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Mulan’s gender politics haven’t aged so gracefully

Screenshot: Mulan trailer

Watch This offers movie recommendations inspired by new releases or premieres, or occasionally our own inscrutable whims. Because it’s 1998 Week here at The A.V. Club, we’re looking back at some of the movies of that bygone year.


Mulan (1998)

It’s been 20 years since Mulan got down to business to defeat [gender norms with its tale of a young Chinese woman who disguises herself as a male soldier to take her father’s place in the battle against] the Huns. The Disney classic was widely lauded as a celebration of girl power that showed its heroine proving to an oppressive patriarchal society—and to herself—that she was far more than the demure, passive citizen her country demanded she be. It presented Mulan’s failures as the result of sabotage by the men around her, and her victories as the product of her own discipline, strength, courage, and wit. It showed little girls they had more to aspire to than snow-white skin and marrying up. And it turned out a couple of bangers in the process. But in a new era with new representation standards, does the film still look like a trailblazing feminist blockbuster?

To its credit, Mulan avoids the all-too-common pitfall of a lead female character who’s a sort of blank canvas on which men can project themselves. Instead, it outfits its heroine (voiced by Ming-Na Wen) with both stereotypically masculine and feminine traits: She’s passionate, brave, and strong, but she also has a softer side, one that moves her to save her father’s life while risking her own and to rescue a little girl from her male bullies. While she does have to (literally) disguise her femininity in order to get down to business, it’s done as a mockery of the notion that women have to become like men to earn their respect. Through all of that, Mulan follows her instincts and never once loses sight of who she is, instead discovering who she can be when she isn’t restricted by gender roles.

But while Mulan herself is a wonderful role model, there are some elements of the film that don’t hold up today. With the song “A Girl Worth Fighting For,” Mulan implies that while a woman must be “one of the guys” to earn respect from a man, she must dumb herself down to a submissive, gracious housewife type to be desired by one. During the number, the men swiftly brush off Mulan’s suggestion that a smart, outspoken girl is also worthy of love, while the meek women working in the fields giggle at the gawking men, perpetuating and affirming the norm.


And that is precisely what the film’s predominately white-male creative team ends up doing. Though Mulan has proven she’s capable of greatness and worthy of high honor, she ultimately makes the decision to go back home to societal expectations, and to court a man who’s only just (reluctantly) come around to her. Nothing changes for the women of China. In fact, the emperor (Pat Morita) makes a point of saying that Mulan is exceptional rather than that she’s proof that something needs to change when he tells her love interest, Shang (voiced by B.D Wong, songs by Donny Osmond), to go after her: “You don’t meet a girl like that every dynasty.” The implication arguably discourages young women watching the film from believing they can be like her, because they’re told she’s a rare specimen. The door closes behind Mulan just as soon as she’s opened it, but the audience is too washed up in the thrill of seeing all of China bow to her to notice.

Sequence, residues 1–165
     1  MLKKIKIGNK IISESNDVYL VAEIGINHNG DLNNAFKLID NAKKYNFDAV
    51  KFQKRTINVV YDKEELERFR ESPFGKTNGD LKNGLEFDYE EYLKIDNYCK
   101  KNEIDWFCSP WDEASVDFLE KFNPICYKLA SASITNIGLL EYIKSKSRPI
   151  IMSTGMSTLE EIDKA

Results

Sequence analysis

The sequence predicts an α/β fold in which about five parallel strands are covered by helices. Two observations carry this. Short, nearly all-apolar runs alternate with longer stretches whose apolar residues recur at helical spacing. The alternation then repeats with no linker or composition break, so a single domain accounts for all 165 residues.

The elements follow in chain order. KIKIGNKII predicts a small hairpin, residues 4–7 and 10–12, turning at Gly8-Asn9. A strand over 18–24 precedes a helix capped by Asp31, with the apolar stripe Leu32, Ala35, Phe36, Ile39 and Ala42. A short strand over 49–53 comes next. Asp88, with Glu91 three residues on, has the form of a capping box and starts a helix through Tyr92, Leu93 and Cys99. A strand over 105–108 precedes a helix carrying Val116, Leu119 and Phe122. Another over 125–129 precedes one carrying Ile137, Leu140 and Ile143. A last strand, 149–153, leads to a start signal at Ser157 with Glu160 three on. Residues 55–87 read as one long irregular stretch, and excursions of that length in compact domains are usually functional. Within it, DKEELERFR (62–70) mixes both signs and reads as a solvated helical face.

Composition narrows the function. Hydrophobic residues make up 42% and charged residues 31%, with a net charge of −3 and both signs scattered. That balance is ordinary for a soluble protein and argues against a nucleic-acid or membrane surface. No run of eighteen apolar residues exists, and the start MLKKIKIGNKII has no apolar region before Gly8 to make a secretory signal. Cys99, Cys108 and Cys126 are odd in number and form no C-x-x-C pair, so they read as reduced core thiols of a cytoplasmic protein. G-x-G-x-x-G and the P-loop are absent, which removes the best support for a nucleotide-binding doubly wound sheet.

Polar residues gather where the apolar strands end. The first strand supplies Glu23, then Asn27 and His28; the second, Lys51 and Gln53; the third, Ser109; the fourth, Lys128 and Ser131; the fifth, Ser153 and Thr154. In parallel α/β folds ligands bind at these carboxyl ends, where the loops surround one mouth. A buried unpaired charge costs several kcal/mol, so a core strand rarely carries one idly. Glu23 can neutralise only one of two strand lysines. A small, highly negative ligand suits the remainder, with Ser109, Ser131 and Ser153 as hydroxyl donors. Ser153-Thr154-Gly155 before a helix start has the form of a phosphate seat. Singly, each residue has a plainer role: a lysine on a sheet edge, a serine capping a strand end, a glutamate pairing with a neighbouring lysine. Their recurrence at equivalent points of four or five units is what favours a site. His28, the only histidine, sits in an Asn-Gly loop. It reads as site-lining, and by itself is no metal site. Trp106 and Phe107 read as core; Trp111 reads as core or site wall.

Mulan also perpetuates the status quo by surrounding its female lead with men who are sold as likable but who are actually blatantly misogynistic. The least apparent of these is Mushu (Eddie Murphy), a walking metaphor for fragile masculinity, given the number of cracks made about his size, his defensiveness regarding it, and his inflated ego. Mushu is presented as a parallel to Mulan, an outcast who has to lie to get his chance at greatness. But while he does seem to genuinely support Mulan, he also assumes credit for her success before she’s even found it, turns the camp against her, and boasts personal victory when she saves the day all on her own. Plus, he’s kind of a perv. When he first meets Mulan, he makes a skeevy joke about being able to see through her armor. And when she, scandalized and angered, slaps him, he threatens to curse her family, forcing her to submit and apologize to him, the man who harassed her, because he’s in a position of power over her. Naturally, the two become friends.


Like most hegemonic works, Mulan just doesn’t hold up to a lot of scrutiny: Its tiny flaws start to manifest themselves over time, becoming more and more apparent as the world moves forward. That said, it’s still, in a lot of ways, more successful even than many #MeToo-era Hollywood entertainments, offering a strong female lead with a purpose, one that furthers the plot and contributes to a clear, critical stance on misogyny and gender roles, rather than simply acting as a hegemonic checkpoint designed to assuage liberal audience members. So maybe the time is right for a Mulan remake. Niki Caro’s upcoming live-action version has the opportunity—and the responsibility—to update the story according to today’s politics, to reshape the message in a way that better empowers young women to show the world what they can do.

Availability: Mulan is available to rent or purchase from the major digital providers. It can also be obtained on Blu-ray and DVD from Netflix, Amazon, or possibly your local video store/library.

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